COVID 19 (Coronavirus) has consumed the media, politics, big pharma, the health industry, and too many facets of our lives for the past three years. I’m not aware of any families who have totally escaped it. Worldometer.info has maintained a living clock dedicated to the global statistics for COVID 19 cases from January 22, 2020, (the earliest statistics available) through today (December 31, 2021). Today’s data show worldwide cases of COVID at 287,574,670 and worldwide deaths at 5,449,965, (among other specifics). That’s nearly a 2-percent global rate of death among COVID cases.
The above introduction is my way to juxtapose other familial epidemics or well-known diseases that I have discovered over my 41 years of genealogical research. One example: my maternal great-grandmother, Lydia Malvina Lathrop (nee Westler), who was born to German immigrants from the state of Baden-Württemberg in southwest Germany. She was a mother of 11 children and among the 13.7 percent of nearly 14,000 Pennsylvanians infected with and succumbed to typhoid fever in 1910. She was just 49 years old, and left behind her husband William Bernard Lathrop (age 63), and nine of her 11 children.
Media first dubbed Mary Mallon “Typhoid Mary,” in a New York American article dated June 20, 1909. She was an Irish-born American cook believed to have infected 53 people with typhoid fever, three of whom died, and the first person in the United States identified as an asymptomatic carrier of the disease pathogen, Salmonella typhi. Although Mallon never had any of the typhoid fever symptoms which included fever, headaches, and diarrhea, New York Health Department authorities forcibly quarantined her at North Brother Island. Mary spent nearly 30 years in forced isolation in large part due to public opinion. She suffered a stroke in 1932 and was confined to the Riverside Hospital on North Brother Island. She died there at age 69 from pneumonia on November 11, 1938.
Below, is the Case fatality from typhoid fever in Pennsylvania, 1910, 1911, 1912. This table shows the numbers of cases reported and the numbers of deaths registered by age in years. (Pennsylvania is to be commended as the first of the states to start collecting these data.)
In 1910, the U.S. Population Census for the State of Pennsylvania was counted at 7,665,111. As you can see within the highlighted area of the table above that Lydia was among the 223 deaths that occurred out of the 972 recorded typhoid cases for the 3-year-period 1910-1912 (a rate of morbidity of 22.9 percent). If we look closer at just the 1910 cases of typhoid fever (382) for people ages 45-49 years old, we can see that this age group accounted for five percent of that state’s population reported cases. And of those who were unfortunate enough to contract the disease in 1910, nearly one-quarter of the infected persons (23.2 percent) succumbed to it. Lydia died in Wyalusing at 7 a.m. on Thursday, May 5, 1910. When great-grandmother Malvina passed, my grandmother Loretta (one of her 11 children) was just 15 years old.
To conclude my comparison of today’s COVID pandemic to the early twentieth-century typhoid fever endemic in Pennsylvania where my grandmother’s families lived, we can easily see that typhoid fever, like COVID, deeply affected their communities, families, and friends.
Eight years after my great-grandmother Lydia’s passing, her husband/my maternal great-grandfather, William Bernard Lathrop, age 71, (a carpenter by trade), died at his home in Wyalusing, at 11:45 a.m. on Thursday, September 5, 1918. His cause of death was listed as “cancer of the bowels,” or colon cancer as we know it today. I remember my grandmother Loretta Lathrop Ford telling me that her father died when she was 23 and all she knew about his death was that he suffered from aches in his stomach. Without further information about his illness or the circumstances of his life just prior to his death, I researched the etymology of cancer and known treatments. Historic data tells us:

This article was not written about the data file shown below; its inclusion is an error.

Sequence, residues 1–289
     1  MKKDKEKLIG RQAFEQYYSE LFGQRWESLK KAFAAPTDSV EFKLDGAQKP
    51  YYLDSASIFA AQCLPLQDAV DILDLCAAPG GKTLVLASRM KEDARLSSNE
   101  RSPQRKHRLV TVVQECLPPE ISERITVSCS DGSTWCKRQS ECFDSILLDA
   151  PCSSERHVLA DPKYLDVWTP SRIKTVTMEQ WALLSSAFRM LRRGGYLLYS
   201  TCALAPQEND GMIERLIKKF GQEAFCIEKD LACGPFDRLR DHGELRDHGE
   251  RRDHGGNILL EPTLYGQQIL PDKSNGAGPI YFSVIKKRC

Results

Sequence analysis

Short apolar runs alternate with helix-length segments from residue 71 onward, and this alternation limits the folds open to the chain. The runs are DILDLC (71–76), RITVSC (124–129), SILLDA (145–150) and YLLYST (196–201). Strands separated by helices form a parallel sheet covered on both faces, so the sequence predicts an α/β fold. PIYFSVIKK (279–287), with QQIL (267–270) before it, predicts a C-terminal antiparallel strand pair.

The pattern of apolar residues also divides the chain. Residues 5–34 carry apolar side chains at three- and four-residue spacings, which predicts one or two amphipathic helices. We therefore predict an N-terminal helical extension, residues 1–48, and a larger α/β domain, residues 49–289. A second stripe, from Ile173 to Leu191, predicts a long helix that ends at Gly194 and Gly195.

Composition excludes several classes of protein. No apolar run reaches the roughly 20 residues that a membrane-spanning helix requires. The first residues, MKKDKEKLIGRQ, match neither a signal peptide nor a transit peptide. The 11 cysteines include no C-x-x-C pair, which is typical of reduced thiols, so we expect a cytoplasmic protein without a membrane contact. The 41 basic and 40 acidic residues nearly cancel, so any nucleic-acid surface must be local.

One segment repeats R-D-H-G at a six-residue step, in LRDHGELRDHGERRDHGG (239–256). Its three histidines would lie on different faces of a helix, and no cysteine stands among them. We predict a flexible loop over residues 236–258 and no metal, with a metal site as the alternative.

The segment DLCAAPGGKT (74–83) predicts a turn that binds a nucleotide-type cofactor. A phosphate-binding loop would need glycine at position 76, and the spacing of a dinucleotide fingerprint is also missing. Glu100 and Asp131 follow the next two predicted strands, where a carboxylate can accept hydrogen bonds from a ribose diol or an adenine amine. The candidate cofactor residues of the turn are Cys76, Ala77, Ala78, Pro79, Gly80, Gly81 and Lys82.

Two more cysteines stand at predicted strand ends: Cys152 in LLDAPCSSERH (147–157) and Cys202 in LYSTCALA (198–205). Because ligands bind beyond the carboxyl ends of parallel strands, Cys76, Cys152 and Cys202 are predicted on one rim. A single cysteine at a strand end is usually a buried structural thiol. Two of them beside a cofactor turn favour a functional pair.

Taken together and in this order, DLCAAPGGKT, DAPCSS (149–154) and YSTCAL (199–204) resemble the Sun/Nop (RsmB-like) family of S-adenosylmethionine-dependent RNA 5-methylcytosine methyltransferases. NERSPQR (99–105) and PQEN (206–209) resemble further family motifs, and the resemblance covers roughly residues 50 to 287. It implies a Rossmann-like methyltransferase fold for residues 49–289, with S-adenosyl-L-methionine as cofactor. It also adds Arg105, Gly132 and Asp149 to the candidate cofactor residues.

- Around 400 B.C., the Greek physician Hippocrates (known as “the father of medicine”), is said to have first named masses of cancerous cells.
- In 1761, Giovanni Morgagni of Padua, Italy, was the first to autopsy patients’ bodies to learn about the pathologies of their illnesses.
- In the 1800s and early 1900s, anesthesia, CT scans, tumor-killing drugs and other advanced treatments were still a far-off dream.
- In the 19th century scientific oncology added the newly invented microscope to study diseased tissues and develop cancer surgeries.
- Patients in the 19th and early 20th Centuries were fearful of doctors who hadn’t yet developed antiseptic surgical procedures which meant surgery for cancer was painful and apt to result in their deaths.
- The discovery of X-rays and radiation by Becquerel and Roentgen in the late 19th century was the first step towards radiation treatment. Marie Curie’s work greatly contributed to the development of radiotherapy. The first cancer case cured exclusively by radiation occurred in 1898.
Even in the 21st Century, “cancer,” is one of the scariest diagnoses one can receive. In 2021 in the United States, there were an estimated 1,898,160 new cancer cases and an estimated 608,570 cancer deaths–that’s about one in three deaths out of those who were diagnosed with cancer!
Leading Causes of Death in the United States: 2019
- Heart disease: 659,041
- Cancer: 599,601
- Accidents (unintentional injuries): 173,040
- Chronic lower respiratory diseases: 156,979
- Stroke (cerebrovascular diseases): 150,005
- Alzheimer’s disease: 121,499
- Diabetes: 87,647
- Nephritis, nephrotic syndrome, and nephrosis: 51,565
- Influenza and pneumonia: 49,783
- Intentional self-harm (suicide): 47,511
So you tell me, which endemic, epidemic, or pandemic whether now or then, scares you the most!